As this magazine reports, the Patriarch of Constantinople has called for unity ahead of the Pan-Orthodox Council which is to be held later this month in Crete. This call by Patriarch Bartholomew is more than just a form of words. Unity among the Orthodox is currently in rather short supply.
First of all, the Bulgarian Orthodox Church is threatening to walk out of the council even before it has begun, thus wrecking its claims to be a council of all the Orthodox Churches (of which there are 14). Despite the fact that this Council has been more than half a century in preparation, the Bulgarians are not happy with some of the arrangements made. It is a pity that the objections have surfaced so late in the day; the suspicion must remain that this is a deliberate attempt to torpedo the council at the last minute.
Secondly, it seems that the Antiochene Orthodox Church will not be represented at all. This is because the Church of Antioch has severed relations with the Church of Jerusalem over a jurisdictional dispute about the Orthodox parish in Qatar. So it seems certain at this point that the Pan-Orthodox Great and Holy Council will be lacking the participation of one of the historical patriarchal sees, which will surely make it less than pan-Orthodox.
Why does this matter? The clue lies in the words of the spokesman of Patriarch Bartholomew, who identified the sole purpose of the Council as “the affirmation of unity.” He added: “Unity is a slow and painful process. We don’t have to be united on every point to convene the council; but we do have to convene the council if we aspire to unity.”
The unity that is dear to the Patriarch of Constantinople’s heart is of course the unity of the various Orthodox churches with each other, but this unity is an aspiration at present as the current difficulties with Bulgaria and Antioch show. The unity that is dear to the heart of Pope Francis and all his predecessors is of course the unity between East and West, but this can only come about if the Orthodox first of all find unity among themselves.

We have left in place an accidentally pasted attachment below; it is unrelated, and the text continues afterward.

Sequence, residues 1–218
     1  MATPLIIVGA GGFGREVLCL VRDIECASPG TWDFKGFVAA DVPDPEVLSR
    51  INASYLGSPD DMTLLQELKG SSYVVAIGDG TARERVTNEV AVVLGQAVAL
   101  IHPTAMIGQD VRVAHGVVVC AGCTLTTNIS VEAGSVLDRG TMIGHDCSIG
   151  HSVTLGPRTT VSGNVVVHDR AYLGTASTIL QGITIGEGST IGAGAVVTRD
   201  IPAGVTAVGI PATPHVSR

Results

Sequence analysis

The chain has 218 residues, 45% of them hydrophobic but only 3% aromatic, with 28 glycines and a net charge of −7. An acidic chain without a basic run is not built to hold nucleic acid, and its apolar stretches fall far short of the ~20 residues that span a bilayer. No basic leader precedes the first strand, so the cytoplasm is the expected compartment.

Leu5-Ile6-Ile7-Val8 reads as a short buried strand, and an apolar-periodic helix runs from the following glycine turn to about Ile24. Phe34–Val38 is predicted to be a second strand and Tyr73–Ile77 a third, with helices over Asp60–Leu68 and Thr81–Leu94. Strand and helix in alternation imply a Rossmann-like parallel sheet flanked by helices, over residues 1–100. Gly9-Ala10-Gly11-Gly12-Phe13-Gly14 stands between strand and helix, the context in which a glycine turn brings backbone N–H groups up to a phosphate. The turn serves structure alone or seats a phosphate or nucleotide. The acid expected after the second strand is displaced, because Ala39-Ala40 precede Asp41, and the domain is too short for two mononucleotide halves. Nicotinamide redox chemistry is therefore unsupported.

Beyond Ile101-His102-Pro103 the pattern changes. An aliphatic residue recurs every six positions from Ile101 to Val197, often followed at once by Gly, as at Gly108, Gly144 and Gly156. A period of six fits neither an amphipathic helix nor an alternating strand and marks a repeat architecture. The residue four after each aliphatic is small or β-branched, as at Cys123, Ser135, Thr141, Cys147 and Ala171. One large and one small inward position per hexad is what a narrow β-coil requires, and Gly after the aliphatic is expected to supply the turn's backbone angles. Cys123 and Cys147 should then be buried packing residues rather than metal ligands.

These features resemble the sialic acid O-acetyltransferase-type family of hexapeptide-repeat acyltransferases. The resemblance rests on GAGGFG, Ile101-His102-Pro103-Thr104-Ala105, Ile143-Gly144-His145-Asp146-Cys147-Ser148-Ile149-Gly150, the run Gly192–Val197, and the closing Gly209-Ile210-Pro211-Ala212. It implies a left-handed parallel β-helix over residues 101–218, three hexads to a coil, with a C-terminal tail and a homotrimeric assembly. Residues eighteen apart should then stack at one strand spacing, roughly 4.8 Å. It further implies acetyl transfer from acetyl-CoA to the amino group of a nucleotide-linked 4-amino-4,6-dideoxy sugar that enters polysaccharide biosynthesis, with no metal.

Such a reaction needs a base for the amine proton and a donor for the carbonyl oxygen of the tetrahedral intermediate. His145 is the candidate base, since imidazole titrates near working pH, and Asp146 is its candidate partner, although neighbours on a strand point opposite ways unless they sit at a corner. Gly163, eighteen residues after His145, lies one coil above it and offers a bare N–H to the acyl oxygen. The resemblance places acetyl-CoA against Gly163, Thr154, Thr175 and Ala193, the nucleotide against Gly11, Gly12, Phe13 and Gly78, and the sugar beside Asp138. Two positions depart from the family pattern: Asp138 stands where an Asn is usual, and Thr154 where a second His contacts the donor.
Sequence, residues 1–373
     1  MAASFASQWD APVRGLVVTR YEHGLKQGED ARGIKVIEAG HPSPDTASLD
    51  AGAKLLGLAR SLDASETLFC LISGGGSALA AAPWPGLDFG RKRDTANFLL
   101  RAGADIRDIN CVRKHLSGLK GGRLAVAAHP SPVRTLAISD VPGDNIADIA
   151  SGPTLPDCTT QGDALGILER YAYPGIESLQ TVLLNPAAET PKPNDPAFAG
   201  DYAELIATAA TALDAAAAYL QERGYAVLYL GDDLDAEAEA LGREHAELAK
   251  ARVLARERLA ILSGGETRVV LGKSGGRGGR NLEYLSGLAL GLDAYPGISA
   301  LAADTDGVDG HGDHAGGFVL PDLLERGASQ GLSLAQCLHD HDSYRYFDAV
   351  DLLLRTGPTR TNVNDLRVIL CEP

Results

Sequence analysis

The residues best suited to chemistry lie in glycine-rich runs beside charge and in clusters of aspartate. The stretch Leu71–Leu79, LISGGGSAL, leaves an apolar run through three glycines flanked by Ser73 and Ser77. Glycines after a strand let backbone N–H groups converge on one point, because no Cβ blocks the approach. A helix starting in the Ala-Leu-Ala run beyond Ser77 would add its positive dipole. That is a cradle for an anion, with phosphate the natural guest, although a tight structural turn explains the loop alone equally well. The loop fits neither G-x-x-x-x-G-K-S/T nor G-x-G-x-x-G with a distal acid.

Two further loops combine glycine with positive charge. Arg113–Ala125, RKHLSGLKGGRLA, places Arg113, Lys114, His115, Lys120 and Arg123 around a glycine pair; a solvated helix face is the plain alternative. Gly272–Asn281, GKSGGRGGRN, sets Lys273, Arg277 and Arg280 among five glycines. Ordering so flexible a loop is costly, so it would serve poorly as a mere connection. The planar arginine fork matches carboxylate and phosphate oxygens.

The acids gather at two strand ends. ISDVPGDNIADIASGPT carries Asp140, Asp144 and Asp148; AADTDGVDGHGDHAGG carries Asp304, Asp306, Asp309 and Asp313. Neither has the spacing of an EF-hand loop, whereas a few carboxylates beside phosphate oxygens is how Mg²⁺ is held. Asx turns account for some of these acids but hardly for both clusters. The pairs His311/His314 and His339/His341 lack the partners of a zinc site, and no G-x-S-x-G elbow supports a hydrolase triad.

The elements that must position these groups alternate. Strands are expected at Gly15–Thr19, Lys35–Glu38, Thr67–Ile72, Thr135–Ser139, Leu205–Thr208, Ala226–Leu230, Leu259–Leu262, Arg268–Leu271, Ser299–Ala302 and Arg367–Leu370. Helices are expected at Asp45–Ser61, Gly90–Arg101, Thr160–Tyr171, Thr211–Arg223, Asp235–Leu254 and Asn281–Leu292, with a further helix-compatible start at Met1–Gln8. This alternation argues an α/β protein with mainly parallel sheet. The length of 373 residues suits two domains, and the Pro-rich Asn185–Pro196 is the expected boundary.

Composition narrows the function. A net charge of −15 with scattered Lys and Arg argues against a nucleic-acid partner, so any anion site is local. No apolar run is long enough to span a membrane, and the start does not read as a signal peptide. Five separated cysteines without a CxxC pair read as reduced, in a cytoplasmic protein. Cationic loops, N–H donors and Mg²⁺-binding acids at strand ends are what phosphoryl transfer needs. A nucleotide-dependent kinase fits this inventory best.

At the heart of all this, so people who understand the Orthodox world tell me, is a disputed understanding of the role of the Patriarch of Constantinople within Orthodoxy. The Patriarch is primus inter pares, first among equals, but is this simply a primacy of honour, or does it mean something more? Does the Patriarch have a position analogous to that of the Archbishop of Canterbury in world Anglicanism, or is he in fact more like an Orthodox Pope?
To complicate matters, the position of Constantinople Patriarchate is at best extremely precarious. The Patriarch’s flock is tiny, and the Phanar, the district he has lived in since 1599, is a tiny enclave in the Muslim and overwhelmingly fundamentalist district of Fatih. The Phanar looks today very much like an historical relic; at least that is the view from Russia, home of the Moscow Patriarchate, which is the head of the largest of the Orthodox autocephalous churches.
Despite the Bulgarian threats to withdraw, the council is certain to go ahead, as it is surely too late to arrange a postponement.
Its deliberations will be interesting. Most of the subjects under discussion are really only of interest to the Orthodox, such as the questions to do with jurisdictional matters. (There is a good overview by Dr Adam Deville here.) However, unless these intra-Orthodox questions are sorted out, there will be no real progress towards dialogue (let alone reunion) with Rome. At present there is dialogue between Rome and Constantinople, but many of the other Orthodox Churches are not on board. For that to happen, we have to hope and pray that the Council in Crete is a success.
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